Essay - Poet of Desolate Landscapes - NYTimes.com
He has edited a new short story collection of Ballard's.
Ballard was, unmistakably, a literary futurist, at ease in the cold ruins of the millennium a lifetime sooner than the rest of us; his passing registered as a disorienting claim of time upon the timeless. Whether you embrace or reject on his behalf the label “science-fiction writer” will indicate whether you regard it as praiseful or damning, but no one reading Ballard could doubt the tidal gravity of his intellect or the stark visionary consistency of the motifs that earned him that rarest of literary awards, an adjective: Ballardian. Now, and not a moment too soon, comes The Complete Stories of J. G. Ballard (Norton, $35), a staggering 1,200-page collection of a lifetime’s labors in the medium in which Ballard was perhaps most at home.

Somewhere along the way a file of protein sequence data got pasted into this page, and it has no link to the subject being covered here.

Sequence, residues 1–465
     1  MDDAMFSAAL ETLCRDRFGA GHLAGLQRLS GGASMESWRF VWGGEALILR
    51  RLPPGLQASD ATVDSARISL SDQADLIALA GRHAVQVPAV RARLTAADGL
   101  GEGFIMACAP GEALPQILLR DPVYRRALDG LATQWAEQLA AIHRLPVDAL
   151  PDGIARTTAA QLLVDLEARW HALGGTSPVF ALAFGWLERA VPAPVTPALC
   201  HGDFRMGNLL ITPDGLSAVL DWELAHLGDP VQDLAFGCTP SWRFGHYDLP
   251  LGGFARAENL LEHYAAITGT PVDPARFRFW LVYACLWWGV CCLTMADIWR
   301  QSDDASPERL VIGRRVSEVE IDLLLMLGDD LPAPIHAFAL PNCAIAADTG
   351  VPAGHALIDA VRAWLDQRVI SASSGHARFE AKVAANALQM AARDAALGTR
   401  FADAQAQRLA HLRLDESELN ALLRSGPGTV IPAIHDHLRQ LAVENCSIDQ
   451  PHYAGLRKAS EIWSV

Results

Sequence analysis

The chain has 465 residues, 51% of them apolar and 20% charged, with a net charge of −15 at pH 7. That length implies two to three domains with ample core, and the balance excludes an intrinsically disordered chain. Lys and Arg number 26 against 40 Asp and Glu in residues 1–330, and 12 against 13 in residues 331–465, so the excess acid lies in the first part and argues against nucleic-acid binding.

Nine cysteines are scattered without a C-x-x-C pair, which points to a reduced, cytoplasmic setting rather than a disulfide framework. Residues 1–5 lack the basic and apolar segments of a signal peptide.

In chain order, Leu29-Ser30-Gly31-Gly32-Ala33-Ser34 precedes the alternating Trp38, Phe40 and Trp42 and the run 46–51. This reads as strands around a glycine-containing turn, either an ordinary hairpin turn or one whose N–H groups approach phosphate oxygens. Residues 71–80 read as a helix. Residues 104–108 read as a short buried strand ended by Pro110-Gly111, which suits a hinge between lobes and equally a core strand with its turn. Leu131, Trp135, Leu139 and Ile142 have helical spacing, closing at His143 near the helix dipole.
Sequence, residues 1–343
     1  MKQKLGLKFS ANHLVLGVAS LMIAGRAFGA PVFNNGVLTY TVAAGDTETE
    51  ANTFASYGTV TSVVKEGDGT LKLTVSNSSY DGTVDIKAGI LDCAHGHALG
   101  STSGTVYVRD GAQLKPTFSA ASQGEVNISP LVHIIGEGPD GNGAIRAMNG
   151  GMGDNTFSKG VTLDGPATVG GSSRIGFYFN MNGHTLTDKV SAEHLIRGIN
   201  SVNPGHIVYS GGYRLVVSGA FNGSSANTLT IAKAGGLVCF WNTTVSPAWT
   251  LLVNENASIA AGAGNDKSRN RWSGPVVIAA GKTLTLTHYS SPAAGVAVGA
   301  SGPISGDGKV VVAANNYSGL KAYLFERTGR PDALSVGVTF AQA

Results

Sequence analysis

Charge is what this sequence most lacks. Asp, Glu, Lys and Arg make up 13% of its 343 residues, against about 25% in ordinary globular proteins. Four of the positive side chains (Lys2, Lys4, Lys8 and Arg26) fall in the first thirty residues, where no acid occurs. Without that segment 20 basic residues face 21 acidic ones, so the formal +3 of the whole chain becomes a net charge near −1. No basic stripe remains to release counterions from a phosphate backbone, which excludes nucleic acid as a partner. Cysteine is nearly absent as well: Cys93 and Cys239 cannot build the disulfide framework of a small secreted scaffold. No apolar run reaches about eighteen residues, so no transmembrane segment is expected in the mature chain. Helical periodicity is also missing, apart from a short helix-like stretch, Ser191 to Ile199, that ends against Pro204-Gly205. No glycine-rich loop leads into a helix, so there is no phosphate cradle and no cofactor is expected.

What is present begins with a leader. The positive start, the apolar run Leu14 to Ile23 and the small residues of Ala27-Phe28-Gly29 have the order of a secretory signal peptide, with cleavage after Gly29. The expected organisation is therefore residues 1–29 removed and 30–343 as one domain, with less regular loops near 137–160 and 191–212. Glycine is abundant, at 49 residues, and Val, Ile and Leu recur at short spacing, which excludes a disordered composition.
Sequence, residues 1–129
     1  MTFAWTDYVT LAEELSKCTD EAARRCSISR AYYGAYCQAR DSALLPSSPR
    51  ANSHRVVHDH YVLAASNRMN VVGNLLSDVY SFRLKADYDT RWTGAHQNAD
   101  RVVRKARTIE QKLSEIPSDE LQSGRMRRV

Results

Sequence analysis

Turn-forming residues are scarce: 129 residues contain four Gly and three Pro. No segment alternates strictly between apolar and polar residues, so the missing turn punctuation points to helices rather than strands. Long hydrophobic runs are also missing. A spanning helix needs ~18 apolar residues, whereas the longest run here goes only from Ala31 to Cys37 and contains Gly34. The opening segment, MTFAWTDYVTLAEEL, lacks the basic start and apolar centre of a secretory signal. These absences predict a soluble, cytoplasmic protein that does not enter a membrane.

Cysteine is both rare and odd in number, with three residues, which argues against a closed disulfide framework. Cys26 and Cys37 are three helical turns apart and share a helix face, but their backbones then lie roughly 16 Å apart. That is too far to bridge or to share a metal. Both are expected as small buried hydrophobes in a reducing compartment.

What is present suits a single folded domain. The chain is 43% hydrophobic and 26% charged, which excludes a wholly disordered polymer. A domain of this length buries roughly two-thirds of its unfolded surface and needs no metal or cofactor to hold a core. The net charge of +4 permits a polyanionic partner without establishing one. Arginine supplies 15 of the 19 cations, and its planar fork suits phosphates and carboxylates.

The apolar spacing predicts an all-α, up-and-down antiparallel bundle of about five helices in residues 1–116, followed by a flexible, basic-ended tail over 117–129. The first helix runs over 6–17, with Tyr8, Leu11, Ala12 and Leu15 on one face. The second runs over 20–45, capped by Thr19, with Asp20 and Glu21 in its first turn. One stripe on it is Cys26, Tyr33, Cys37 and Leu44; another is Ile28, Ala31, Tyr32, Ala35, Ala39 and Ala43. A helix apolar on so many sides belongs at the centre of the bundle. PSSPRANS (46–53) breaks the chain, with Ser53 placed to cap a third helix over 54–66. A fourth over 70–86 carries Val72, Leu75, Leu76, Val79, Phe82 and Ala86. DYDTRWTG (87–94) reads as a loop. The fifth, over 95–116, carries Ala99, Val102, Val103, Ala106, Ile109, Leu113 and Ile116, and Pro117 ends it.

Each of Ballard’s 98 short stories is like a dream more perfectly realized than any of your own. His personal vocabulary of scenarios imprints itself from the very first, each image with the quality of a newly minted archetype. Ballard was the poet of desolate landscapes marked by signs of a withdrawn human presence: drained swimming pools, abandoned lots littered with consumer goods, empty space stations, sites of military or vehicular tragedies. Himself trained in medicine, Ballard frequently chose doctors or scientists as protagonists and narrators, yet expertise never spares them from the fates they see overtaking others. If Ballard’s view of the human presence in his landscapes is grimly diagnostic, his scalpel is wielded with tenderness, his bedside manner both dispassionate and abiding. . . .